Data visualisation is a vital technique in which to display data insights in a way that their implications and importance will be understood. Here at Forecast, we are always interested in the best way for our clients to receive our work and insights. Power BI is a cloud-based analytics service, with the aim to provide interactive visualisations and insights from a variety of data sources. A report which collates all the information is first created, then can be published as an online SaaS (Software as a Service), to be viewed online on desktops or mobile applications. An example of what this looks like can be seen in the sample report below, which analyses car accidents in Edinburgh between 2009-2014 (data downloaded from Kaggle) to make data driven recommendations to improve road safety.
Our report shows some exploratory data analysis on the dataset on the first page, which in this case contains information such as the time, co-ordinates and severity of the accidents. From this, we chose to concentrate on the month of August, as this was the month with the most car accidents in our time period. This is most likely the case because of the Edinburgh Fringe Festival (the world’s largest arts and culture festival), hence a sharp rise in the number of visitors to the city.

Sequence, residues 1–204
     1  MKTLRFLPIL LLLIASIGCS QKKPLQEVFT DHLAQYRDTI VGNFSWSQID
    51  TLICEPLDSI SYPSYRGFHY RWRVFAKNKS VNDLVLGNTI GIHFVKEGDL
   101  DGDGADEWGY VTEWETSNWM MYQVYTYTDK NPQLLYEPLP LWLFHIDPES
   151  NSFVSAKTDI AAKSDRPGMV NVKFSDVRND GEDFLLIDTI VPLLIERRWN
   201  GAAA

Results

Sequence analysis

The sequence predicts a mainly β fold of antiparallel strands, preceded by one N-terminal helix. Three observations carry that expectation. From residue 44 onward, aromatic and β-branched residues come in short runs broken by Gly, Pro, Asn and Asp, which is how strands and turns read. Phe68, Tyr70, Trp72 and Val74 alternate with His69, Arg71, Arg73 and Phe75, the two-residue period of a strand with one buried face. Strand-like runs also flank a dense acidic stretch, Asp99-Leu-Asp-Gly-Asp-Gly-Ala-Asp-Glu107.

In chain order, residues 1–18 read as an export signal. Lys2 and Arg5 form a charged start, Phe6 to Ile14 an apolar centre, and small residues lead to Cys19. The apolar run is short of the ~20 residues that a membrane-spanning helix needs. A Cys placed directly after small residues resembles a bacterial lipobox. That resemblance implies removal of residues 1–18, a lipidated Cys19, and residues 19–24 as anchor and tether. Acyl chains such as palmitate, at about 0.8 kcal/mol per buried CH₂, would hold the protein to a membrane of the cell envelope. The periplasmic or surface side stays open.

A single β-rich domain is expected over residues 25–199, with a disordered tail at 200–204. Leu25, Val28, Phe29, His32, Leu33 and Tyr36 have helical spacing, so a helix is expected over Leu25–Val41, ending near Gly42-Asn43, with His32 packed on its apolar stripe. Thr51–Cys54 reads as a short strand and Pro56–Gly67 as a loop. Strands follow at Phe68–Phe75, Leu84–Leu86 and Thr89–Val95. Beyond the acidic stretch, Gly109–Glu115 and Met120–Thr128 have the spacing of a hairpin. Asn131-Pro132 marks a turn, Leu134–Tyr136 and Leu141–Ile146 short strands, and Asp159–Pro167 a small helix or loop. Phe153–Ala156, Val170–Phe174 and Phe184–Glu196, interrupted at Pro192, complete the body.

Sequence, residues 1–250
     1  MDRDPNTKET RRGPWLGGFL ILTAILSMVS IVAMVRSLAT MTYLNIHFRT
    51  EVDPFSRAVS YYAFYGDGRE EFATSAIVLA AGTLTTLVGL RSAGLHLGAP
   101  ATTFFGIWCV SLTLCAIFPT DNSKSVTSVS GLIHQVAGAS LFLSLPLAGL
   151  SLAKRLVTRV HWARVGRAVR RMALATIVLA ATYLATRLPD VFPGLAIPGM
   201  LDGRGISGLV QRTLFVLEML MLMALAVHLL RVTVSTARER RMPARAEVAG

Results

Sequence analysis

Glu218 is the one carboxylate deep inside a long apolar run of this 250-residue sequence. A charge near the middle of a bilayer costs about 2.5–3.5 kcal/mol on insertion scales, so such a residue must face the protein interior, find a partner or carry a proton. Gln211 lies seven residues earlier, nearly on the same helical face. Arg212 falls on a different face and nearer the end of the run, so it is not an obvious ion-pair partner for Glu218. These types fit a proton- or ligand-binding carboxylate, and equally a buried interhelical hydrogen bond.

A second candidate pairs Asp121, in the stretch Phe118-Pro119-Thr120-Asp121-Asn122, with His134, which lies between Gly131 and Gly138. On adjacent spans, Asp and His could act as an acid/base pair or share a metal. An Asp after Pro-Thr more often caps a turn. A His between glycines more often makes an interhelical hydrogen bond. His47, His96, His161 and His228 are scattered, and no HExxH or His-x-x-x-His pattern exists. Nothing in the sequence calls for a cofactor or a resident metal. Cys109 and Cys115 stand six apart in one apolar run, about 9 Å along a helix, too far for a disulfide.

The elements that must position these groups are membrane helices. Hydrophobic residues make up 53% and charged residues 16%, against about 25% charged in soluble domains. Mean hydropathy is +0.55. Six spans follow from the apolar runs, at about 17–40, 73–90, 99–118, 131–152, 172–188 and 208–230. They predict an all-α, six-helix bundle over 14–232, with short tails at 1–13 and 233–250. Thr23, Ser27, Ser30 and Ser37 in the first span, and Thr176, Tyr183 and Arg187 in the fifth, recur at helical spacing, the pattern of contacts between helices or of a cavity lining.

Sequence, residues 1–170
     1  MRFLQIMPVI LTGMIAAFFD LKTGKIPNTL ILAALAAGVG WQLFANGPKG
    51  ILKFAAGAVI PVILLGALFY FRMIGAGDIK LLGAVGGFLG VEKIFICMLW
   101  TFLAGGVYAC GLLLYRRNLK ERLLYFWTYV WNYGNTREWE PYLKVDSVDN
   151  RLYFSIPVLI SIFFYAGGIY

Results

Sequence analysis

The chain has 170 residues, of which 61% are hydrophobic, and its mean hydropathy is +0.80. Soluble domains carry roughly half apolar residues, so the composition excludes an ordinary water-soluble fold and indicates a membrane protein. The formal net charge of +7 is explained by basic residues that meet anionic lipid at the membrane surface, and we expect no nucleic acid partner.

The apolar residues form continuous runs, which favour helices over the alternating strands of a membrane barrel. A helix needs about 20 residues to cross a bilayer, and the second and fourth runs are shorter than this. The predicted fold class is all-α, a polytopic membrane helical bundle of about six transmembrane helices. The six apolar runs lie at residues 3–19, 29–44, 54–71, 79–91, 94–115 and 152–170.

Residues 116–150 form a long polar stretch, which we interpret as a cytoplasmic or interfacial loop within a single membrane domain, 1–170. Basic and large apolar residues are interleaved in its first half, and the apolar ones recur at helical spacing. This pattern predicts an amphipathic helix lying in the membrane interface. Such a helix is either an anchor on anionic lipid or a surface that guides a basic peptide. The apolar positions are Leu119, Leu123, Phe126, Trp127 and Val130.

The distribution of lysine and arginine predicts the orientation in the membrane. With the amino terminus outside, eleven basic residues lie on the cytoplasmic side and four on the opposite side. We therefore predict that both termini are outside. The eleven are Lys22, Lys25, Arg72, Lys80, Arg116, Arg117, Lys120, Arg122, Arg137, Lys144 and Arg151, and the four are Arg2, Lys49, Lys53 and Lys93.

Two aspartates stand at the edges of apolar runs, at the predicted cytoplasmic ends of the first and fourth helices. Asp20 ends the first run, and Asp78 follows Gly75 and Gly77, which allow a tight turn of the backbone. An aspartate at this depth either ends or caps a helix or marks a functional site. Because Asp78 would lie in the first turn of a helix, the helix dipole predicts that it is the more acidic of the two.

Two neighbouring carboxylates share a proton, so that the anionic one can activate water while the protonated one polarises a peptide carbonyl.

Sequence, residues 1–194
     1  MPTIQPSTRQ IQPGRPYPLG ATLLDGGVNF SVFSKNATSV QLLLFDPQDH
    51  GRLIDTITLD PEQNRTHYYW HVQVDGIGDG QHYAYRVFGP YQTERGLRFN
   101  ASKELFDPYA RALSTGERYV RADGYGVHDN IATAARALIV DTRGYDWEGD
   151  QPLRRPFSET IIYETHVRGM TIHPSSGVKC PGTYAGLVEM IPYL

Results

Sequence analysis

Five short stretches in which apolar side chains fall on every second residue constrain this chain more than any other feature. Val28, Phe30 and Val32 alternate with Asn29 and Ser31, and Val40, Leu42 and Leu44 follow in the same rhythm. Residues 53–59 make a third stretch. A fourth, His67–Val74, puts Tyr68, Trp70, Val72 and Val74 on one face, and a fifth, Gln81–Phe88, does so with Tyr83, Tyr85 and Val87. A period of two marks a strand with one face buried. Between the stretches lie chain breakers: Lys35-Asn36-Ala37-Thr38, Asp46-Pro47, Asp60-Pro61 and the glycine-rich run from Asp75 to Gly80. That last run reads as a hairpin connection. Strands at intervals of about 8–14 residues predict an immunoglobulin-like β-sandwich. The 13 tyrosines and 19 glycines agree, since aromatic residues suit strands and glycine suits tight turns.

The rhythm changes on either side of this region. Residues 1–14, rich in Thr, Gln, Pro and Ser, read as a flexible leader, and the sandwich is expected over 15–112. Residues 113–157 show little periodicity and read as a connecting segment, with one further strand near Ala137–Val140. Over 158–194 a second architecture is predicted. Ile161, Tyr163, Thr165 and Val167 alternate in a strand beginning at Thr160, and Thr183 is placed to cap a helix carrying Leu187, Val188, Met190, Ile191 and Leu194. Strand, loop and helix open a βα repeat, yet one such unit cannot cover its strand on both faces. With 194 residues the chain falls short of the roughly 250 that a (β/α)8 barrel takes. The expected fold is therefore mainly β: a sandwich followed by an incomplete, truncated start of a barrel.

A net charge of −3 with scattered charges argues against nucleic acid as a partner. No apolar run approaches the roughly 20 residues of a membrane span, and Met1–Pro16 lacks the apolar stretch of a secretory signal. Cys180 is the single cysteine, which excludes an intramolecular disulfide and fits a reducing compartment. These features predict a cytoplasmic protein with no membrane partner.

We then looked at the day of the week, time and location of the accidents on the following page, to observe any patterns between the accidents and the number of casualties with location. The interactivity of the report can be explored here, where the client can click on a particular year in the selection box on the left. If required, specific points on the other visualisations can also be examined by hovering over visualisations. A click of a data point then filters the other visualisations from the chosen selection. The data in this report shows that most of the car accidents in August are happening in the afternoon, usually in the second half of the week.
The visualisations continue onto the next page, which highlights the type of pedestrian crossings involved in the reported accident, as well as the number of vehicles. Again, the selection box on the left can be used, or single data points can be selected for filtering. This page shows that most accidents include only one vehicle, and mostly where there is no crossing within 50 metres or during the pedestrian phase at the traffic lights. This indicates that these accidents likely involved a pedestrian with the vehicle.
From this type of analysis, recommendations on how to improve road safety in Edinburgh’s City Centre from our demo scenario can be made. In this case, it could be to include more pedestrian crossings or other types of traffic control on the more accident-prone streets during the Fringe festival in August. Traffic could also be diverted away from the City Centre, particularly at this time of year, and more information for tourists could be made available on road safety and pedestrian crossings.